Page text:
According to the University of North Georgia’s website, the school “is an environment that is welcoming, respectful and inclusive of individuals and groups from a range of social, economic and cultural backgrounds — an environment that embraces varied perspectives, values and unique experiences.”
However, when asked, “Would you say UNG as it stands is an inclusive place,” both Jacqueline Adams, coordinator of student leadership at the Oconee campus, and Lindsay Bailey, director of student involvement at the Oconee campus, responded in unison, “No.”
One group that is facing challenges with inclusivity is members of the LGBTQ community.
“The larger culture dictates what the culture of UNG will look like,” Adams said. “That’s not to say that UNG is totally in the wrong, but that’s what has been culturally accepted up to this point and UNG needs to challenge those cultural expectations on how we treat LGBTQ folks.”
Adams teaches free Safe Zone training at UNG, which can be taken by any student, faculty member or staff member.
“This isn’t a mandatory training, so when people are hired on they are not required to be inclusive,” Adams said.
To learn more about Safe Zone training at UNG, read “Safe Zone training prepares faculty, staff and students to be LGBTQ allies” by Megan Broome.
UNG has changed the signage on many bathrooms to indicate that they are gender-neutral. The full list of gender-neutral bathrooms is here.
Despite these steps by the administration, the driving force behind fostering a more inclusive environment at UNG needs to be the students, Adams said.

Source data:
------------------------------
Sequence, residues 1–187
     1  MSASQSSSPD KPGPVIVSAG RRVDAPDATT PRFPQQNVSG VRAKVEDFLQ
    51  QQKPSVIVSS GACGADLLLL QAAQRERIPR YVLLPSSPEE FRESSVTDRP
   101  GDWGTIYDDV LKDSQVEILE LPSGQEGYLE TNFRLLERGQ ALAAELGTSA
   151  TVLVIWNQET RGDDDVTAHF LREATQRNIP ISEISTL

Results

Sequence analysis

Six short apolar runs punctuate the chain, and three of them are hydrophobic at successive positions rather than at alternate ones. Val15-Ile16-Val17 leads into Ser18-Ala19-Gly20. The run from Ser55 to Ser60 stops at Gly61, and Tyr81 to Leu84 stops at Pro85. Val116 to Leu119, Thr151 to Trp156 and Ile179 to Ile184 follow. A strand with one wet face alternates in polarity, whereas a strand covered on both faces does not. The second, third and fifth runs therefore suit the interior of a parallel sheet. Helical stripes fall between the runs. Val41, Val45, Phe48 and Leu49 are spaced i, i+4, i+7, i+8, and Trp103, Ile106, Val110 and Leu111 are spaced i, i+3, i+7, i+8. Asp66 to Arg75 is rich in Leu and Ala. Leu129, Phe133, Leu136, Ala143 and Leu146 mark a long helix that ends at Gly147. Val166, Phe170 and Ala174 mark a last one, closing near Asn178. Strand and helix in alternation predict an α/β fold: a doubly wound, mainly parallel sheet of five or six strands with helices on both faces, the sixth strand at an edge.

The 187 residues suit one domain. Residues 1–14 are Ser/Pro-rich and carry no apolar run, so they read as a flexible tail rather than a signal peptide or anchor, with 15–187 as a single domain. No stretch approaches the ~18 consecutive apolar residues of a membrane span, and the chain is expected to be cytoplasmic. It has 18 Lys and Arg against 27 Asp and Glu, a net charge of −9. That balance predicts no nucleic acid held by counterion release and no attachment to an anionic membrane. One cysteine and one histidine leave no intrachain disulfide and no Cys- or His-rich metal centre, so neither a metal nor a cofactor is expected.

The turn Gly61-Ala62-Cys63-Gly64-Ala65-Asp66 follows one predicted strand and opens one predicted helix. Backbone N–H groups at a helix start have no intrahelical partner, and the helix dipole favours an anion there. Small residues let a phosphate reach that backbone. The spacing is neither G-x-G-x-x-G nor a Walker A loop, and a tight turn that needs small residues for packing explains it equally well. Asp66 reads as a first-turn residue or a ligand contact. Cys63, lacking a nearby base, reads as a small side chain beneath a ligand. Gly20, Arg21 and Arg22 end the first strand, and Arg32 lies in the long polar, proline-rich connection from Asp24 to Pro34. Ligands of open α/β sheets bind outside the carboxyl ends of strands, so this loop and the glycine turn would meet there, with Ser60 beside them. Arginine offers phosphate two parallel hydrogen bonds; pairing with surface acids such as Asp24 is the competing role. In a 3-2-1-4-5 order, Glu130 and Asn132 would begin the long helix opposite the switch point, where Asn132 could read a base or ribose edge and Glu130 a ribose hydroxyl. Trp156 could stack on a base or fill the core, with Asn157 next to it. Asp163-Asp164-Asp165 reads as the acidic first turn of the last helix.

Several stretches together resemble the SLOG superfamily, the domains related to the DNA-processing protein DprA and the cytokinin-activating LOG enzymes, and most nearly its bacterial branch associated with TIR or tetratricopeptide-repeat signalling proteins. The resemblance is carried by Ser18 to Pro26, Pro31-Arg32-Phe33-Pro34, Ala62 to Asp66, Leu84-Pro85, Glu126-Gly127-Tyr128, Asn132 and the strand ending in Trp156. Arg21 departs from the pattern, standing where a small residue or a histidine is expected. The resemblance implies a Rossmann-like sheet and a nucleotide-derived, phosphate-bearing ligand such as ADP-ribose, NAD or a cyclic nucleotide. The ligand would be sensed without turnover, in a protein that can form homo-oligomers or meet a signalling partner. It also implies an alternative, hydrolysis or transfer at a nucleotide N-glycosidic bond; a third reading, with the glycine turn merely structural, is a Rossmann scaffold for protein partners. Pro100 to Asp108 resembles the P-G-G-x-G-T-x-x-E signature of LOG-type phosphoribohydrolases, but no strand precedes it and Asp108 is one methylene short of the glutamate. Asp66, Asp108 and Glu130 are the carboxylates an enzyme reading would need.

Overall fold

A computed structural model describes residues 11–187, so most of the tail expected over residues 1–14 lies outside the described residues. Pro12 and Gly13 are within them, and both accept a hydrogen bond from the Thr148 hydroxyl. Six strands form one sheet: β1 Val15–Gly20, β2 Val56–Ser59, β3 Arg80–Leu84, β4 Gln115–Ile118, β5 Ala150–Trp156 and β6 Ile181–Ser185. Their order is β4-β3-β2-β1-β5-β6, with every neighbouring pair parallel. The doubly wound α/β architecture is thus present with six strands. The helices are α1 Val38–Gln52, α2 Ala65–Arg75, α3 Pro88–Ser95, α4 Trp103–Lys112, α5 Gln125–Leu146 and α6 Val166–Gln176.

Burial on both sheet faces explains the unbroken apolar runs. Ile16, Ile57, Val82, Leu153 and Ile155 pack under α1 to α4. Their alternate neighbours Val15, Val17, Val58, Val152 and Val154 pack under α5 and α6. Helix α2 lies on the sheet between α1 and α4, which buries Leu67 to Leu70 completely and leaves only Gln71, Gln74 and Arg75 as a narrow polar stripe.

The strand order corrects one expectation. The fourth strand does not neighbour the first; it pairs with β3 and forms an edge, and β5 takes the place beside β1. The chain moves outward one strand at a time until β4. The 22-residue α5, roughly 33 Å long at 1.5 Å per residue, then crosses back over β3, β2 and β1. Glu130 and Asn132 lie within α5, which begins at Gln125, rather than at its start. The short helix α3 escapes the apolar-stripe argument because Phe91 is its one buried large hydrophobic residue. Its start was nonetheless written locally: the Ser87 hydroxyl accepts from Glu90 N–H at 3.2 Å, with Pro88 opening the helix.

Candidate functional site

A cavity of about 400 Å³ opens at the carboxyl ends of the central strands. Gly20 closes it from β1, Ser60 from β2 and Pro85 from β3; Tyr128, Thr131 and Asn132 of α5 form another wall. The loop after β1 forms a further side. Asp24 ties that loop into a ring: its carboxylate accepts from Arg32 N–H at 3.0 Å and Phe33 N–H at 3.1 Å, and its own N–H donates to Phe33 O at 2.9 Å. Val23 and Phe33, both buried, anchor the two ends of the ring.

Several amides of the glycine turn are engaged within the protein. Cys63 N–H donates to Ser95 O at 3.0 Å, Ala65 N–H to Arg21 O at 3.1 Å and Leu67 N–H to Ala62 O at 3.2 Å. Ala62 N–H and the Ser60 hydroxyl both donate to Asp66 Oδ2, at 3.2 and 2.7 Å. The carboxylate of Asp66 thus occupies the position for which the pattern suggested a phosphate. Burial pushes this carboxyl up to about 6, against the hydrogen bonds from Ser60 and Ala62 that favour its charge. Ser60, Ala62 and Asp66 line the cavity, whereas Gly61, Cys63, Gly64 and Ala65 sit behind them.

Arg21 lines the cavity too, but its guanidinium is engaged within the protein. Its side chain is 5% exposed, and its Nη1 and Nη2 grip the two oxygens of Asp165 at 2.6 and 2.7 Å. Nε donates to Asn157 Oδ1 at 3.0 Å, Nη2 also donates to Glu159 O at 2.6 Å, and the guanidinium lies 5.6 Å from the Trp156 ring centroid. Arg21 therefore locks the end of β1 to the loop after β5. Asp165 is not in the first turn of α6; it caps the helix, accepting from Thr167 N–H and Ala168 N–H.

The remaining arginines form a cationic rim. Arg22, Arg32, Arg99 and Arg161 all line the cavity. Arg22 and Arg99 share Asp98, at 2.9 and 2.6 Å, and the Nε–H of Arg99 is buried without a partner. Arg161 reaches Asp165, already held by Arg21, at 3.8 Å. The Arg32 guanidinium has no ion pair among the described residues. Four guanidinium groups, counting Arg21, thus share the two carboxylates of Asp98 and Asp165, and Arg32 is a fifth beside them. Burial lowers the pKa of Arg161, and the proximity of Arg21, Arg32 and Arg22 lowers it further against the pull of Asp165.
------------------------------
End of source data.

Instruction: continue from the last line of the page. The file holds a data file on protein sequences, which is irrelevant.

“I really encourage students to consider the culture of the state of Georgia and the political culture of the state of Georgia and to take that into account for how change happens. Let’s not forget that in the Civil Rights movement, half of that movement was students,” Adams said.
Not all students were raised in an environment that taught them to be inclusive or to be an ally, but regardless of that, every student has the potential to help cultivate change in the UNG community.
“Not all protesting has to be loud. Making an active effort to care for one another is a form of protest,” Adams said.
One simple thing students can do is state their pronouns when introducing themselves. It helps to normalize the concept of pronouns; for example, using they/theirs instead of he/his or she/hers. (As it stands, students can add their preferred first name in Banner, but cannot specify their pronouns.)
Another simple thing that students can do is to ask, “How does this space make you feel?”
“To craft a culture of inclusive behaviors and to craft a nurturing environment, there is a big difference between tolerance and nurturing,” Adams said.
The community needs to “engage with other people and come from a loving stance,” Bailey added.
“If students want to see something change, do not forget that you have agency,” Adams said.